Conversion between DNA analysis services

I’ve spent the last months trying to figure out how to use data from Whole Genome Sequencing on various DNA analysis websites. While the output of WGS gives you all the information given by sites like 23-and-me and more, wrangling it into the correct format is a non-trivial task.

After uncountable attempts, and many hours of CPU time, today I finally managed to produce an apparently correct file in 23-and-me format.

Disclaimer: I am not a biologist, so the information below might be inaccurate, misleading, or even incorrect.

Whole Genome Sequencing

Very briefly, the process of genome sequencing nowadays proceeds by

  • creating multiple copies of the DNA using PCR
  • slicing up the DNA in short chunks
  • reading a brief part of each chunk (100-150 bases)

The output of this procedure is a set of so-called reads, and is usually saved in a format called FASTA (or FASTQ when a quality index for each basis is provided).

Afterwards, the reads are aligned on a reference genome, i.e. for each read its most likely start and end position are determined (compared to a fixed assembly of the human genome). The DNA service that I used (DanteLabs) uses the human assembly 37 for this purpose.

The output of this procedure is typically a BAM file. This file contains all the information that was determined by the sequencing procedure.

The next step is Variant Calling, in which some algorithm determines what are the differences between the reference genome and the provided BAM file. The resulting file is a VCF (Variant Call Format) file. The most common type of differences are SNPs, Single Nucleotide Polymorphisms, and correspond to variations of a single DNA basis.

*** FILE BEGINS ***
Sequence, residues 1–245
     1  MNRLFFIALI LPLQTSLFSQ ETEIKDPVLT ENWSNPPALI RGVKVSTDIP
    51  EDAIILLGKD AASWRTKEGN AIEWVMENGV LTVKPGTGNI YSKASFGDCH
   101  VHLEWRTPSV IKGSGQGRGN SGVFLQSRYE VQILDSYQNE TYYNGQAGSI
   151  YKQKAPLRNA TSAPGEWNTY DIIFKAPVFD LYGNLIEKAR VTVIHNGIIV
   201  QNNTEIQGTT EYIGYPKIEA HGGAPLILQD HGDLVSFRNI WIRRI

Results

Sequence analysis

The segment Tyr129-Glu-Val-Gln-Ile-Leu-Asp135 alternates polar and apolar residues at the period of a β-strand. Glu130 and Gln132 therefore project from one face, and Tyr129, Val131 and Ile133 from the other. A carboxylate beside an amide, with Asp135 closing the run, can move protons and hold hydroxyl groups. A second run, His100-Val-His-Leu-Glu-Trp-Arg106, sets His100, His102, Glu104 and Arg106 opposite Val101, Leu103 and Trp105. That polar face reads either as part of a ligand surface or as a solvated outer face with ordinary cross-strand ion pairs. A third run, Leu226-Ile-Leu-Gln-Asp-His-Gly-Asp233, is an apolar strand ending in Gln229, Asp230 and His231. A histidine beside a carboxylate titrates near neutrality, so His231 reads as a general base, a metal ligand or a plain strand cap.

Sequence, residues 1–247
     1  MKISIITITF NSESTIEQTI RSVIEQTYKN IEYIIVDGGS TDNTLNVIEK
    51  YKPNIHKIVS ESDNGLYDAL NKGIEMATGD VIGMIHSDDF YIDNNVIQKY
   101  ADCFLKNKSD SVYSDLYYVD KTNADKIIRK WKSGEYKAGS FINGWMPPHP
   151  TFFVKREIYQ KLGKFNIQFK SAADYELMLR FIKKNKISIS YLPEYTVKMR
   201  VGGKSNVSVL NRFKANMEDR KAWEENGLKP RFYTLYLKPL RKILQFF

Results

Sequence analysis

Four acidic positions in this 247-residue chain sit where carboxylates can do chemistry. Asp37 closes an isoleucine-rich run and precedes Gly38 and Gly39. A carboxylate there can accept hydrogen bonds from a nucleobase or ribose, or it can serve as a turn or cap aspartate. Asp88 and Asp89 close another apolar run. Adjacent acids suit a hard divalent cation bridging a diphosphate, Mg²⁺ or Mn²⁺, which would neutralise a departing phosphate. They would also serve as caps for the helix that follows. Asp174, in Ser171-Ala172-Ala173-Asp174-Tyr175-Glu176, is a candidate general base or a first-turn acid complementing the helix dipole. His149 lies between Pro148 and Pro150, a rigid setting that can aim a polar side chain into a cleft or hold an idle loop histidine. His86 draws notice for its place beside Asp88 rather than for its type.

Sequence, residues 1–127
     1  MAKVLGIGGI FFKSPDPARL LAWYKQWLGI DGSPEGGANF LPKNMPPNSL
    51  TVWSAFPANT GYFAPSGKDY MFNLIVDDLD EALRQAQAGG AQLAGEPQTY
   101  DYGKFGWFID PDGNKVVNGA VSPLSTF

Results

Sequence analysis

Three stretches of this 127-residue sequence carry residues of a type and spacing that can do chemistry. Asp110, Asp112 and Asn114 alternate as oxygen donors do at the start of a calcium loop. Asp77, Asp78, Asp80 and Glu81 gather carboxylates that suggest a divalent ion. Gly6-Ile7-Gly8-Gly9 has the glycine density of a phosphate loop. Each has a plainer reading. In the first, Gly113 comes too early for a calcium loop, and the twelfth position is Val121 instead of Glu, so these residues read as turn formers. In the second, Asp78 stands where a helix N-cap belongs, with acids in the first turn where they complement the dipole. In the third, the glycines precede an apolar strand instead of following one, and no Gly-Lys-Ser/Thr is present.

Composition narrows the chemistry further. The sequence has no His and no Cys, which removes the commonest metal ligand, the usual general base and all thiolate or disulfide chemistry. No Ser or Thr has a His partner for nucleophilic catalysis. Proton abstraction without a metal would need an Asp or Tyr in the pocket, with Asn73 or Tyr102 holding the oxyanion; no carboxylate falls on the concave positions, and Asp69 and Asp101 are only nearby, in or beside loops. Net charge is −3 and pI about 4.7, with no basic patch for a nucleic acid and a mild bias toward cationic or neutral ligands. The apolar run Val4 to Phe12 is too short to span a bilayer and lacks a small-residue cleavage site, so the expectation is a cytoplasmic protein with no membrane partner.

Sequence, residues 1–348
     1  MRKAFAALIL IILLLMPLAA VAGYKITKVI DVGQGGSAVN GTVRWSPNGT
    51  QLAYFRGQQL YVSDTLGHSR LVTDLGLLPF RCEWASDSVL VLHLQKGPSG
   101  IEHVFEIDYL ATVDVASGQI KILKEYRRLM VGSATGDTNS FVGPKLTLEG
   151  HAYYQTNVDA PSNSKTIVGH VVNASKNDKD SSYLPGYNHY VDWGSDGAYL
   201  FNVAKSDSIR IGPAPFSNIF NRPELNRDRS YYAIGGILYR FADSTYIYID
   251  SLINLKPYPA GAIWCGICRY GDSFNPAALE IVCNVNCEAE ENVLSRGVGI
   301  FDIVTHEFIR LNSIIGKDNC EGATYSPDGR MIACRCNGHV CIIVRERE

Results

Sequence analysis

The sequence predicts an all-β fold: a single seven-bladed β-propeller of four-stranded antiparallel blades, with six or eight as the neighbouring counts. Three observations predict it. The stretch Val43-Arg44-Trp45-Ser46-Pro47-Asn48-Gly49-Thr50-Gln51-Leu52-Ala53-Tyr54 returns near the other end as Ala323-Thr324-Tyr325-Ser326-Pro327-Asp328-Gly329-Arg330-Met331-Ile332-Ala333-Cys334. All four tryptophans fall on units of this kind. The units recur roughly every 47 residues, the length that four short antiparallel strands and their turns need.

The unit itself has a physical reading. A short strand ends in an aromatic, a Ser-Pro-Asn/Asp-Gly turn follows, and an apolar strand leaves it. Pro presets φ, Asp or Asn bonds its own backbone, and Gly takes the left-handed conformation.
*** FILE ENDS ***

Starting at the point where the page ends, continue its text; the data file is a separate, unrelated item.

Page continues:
Some services provide you a VCF file, but sometimes it’s just a filtered one, i.e. with just a subset of the SNPs. Trying to overcome this limitation motivated this journey: extracting all the information from a BAM file to be able to construct a 23-and-me file.

First step: variant calling

After multiple attempts, I decided to use deepvariant for variant calling. Assuming that you are in the folder containing your BAM file, the following commands should run the variant calling procedure:

gunzip Homo_sapiens.GRCh37.75.dna.primary_assembly.fa.gz
sudo docker run -v "/data:/data"   -v "$(pwd)":"/input"   -v "$(pwd):/output" \
    google/deepvariant:"${BIN_VERSION}"   /opt/deepvariant/bin/run_deepvariat \
    --model_type=WGS --ref=/input/Homo_sapiens.GRCh37.75.dna.primary_assembly.fa \
    --reads=/input/YOUR_BAM_FILE.bam   --output_vcf=/output/calls.vcf \
    --output_gvcf=/output/calls.gvcf   --num_shards=$(nproc) \

This command assumes that you have a BAM file using the genome assembly 37, and that your /data/ folder contains sufficient free space. This procedure will take roughly a couple of days.

Second step: annotation

We now need to annotate the variants, assigning to each of them their names. This can be done as follows:

tabix 00-All.vcf.gz
bgzip calls.vcf
tabix calls.vcf.gz
bcftools annotate -a 00-All.vcf.gz -c ID -Oz -o YOUR_NAME.annotated.vcf.gz calls.vcf.gz

Third step: conversion to 23-and-me format

This uses code provided at We will use a different template file, more up to date, which you can find here.

python vcf-to-23andme/ YOUR_NAME.annotated.vcf.gz vcf output_db.sql
python vcf-to-23andme/ output_db.sql 23andme_v5_blank.txt genome_YOUR_NAME_v5_Full_20200228144640.txt

This should be all!